4. The center tube idea is a good thought, but would interfere with the straining basket that sits inside the pot. Overkill??? Hah! That's my middle name. I always say it's only weird if it doesn't work. So yes there are plenty of commercial options, but they are flemsy and boring. My compulsive and challenge driven nature has me determined to design something that screams precise flames and BTUs like a tesla rocket....at half throttle. I'm just searching for the best fit to produce these flames. I studied the NARBs last night, and while the results of those burners seem right in line with what I'm looking for I don't think they will suit me for reliability and durability. In essence, I'm looking for the best performing and strongest burner(s) to assemble in a manner similar to the photos I've attached where they are using an inferior burner design compared to you gents in the forging world. Hypothetically, if 2 or more 3/4 TBurners were used side by side what's the minimum distance apart they would need to not interfere with each other's flame etc?
  5. Hey, thanks for the replies. Here's a little insight to the purpose in case any are unfamiliar: as ThomasP mentioned it's a very large pot that is sized to hold ~two 35-40# sacks of mud bugs and a couple of times each year it's used to cook more than just two sacks at one feast. I first have to bring the pot to a slow boil to start cooking the "extras" then load the basket and drop in the Crawfish(CF). That always brings the temp down, and they need to come back to a boil for a mere minute or two before cutting the fire off and starting the "soak". In my circles, the best flavor here is achieved by cooling the water down by different means and allowing them absorb all the goodness. THEN - it's time to repeat. The water has been cooled from soak, so it needs to get back to a boil pronto or else I may expedite the risk of overhydrating myself with adult beverages during idle time. So, I feel it's worth my effort to test out a burner and see what could happen. My fab skills and resources are strong, but I don't want to over-exert myself on this one if I can avoid it...so I'm thinking my limit may be trying a large single T, or possibly doubling up two smaller T Burners. I have a much smaller pot to experiment on in case it did cause the pot some kind of trouble. I'm going to research the NARB tonight and get a better understanding. Whatever the case, it would probably have to be square since that fits my abilities better and would still be sufficient. I've attached a picture of a commercial double-jet burner that showimg their layout. As I said they basically use the weed burner design that loses its flame quality pretty quicky when trying to get more heat to output. My stand would be taller and more robust so I would have some options to adjust a TBurners height etc. How sensitive would the forge style burners be to some wind??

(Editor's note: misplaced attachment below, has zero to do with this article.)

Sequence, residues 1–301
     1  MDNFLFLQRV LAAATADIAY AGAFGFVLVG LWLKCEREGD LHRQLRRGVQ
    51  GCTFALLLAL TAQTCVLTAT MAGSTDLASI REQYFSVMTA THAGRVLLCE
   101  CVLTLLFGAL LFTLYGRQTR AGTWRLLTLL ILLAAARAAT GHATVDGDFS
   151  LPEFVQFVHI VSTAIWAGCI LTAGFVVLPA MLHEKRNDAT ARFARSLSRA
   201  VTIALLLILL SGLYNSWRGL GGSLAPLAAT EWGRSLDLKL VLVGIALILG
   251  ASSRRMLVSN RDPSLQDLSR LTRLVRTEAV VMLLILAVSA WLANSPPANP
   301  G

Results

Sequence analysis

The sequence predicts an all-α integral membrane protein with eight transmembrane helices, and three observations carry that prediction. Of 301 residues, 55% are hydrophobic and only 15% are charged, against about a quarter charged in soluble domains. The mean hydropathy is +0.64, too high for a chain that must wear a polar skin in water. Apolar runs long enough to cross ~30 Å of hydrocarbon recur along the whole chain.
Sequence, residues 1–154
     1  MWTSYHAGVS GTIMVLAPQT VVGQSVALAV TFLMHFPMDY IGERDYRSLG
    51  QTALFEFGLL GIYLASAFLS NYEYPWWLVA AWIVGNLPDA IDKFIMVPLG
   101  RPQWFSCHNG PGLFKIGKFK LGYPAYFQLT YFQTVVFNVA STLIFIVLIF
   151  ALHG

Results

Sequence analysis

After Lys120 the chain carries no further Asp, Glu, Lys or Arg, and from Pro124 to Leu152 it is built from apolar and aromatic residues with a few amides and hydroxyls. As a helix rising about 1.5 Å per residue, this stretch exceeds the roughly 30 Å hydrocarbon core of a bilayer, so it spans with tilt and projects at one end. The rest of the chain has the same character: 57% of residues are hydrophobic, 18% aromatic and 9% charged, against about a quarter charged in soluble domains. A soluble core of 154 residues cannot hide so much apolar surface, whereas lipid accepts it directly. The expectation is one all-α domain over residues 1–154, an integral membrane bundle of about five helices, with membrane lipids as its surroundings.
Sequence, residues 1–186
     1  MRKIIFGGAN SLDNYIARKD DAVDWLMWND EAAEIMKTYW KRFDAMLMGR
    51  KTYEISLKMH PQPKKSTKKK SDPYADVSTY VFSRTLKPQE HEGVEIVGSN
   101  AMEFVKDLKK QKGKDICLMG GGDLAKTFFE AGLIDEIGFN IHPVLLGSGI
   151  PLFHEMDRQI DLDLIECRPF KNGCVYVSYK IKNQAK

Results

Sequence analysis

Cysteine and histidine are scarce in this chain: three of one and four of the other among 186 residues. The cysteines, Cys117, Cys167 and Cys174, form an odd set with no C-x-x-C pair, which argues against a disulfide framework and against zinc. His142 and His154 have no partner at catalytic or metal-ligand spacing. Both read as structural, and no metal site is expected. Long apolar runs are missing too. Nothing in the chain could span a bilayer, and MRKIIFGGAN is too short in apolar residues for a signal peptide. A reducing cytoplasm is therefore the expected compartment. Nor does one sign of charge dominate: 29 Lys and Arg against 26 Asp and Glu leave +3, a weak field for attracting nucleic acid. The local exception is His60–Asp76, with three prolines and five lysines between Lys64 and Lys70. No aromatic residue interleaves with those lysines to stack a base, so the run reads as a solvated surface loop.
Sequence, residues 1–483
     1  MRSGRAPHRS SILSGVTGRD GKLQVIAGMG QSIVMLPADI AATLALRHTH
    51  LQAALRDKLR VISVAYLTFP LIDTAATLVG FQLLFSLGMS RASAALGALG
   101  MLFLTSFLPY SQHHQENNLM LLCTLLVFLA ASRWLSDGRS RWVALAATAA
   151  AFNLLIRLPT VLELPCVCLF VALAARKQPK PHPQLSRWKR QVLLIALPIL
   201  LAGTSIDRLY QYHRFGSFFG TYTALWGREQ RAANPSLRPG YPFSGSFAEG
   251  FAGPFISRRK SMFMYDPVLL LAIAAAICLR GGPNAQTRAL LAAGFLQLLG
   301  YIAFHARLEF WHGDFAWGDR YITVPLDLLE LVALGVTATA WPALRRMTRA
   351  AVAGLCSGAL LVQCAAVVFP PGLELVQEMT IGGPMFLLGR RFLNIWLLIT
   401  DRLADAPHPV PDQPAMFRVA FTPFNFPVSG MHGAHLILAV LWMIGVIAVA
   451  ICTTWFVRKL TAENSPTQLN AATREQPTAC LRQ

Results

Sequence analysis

6. Hello and thank all of you members for the wealth of knowledge that is shared here. I'm beyond amazed at the vast amount of information that can be acquired. I have a project on my hands thats slightly offbeat, but is related to the burner technology you folks have developed and tested so well. I would like to ask for some experienced guidance on which burner design would suit my needs the best. I'm building myself a custom crawfish cooker, a fairly small and simple stand for a 120qt pot that I want to heat as effeciently as possible using one of the heavy duty burner designs I've seen on here. The commercial jet burners that are sold today in my mind are just low end weed burners and don't seem to give me what I'm looking for in terms of quality, effectiveness, and longevity. Plus, they lack the cool factor that my custom stand and burner would produce. So with that said, would anyone advise me of the design they would suggest for this application? For my pea brain, a likely choice would be Frostys T-Burner in 3/4" or 1". Open to any and all suggestions, thanks.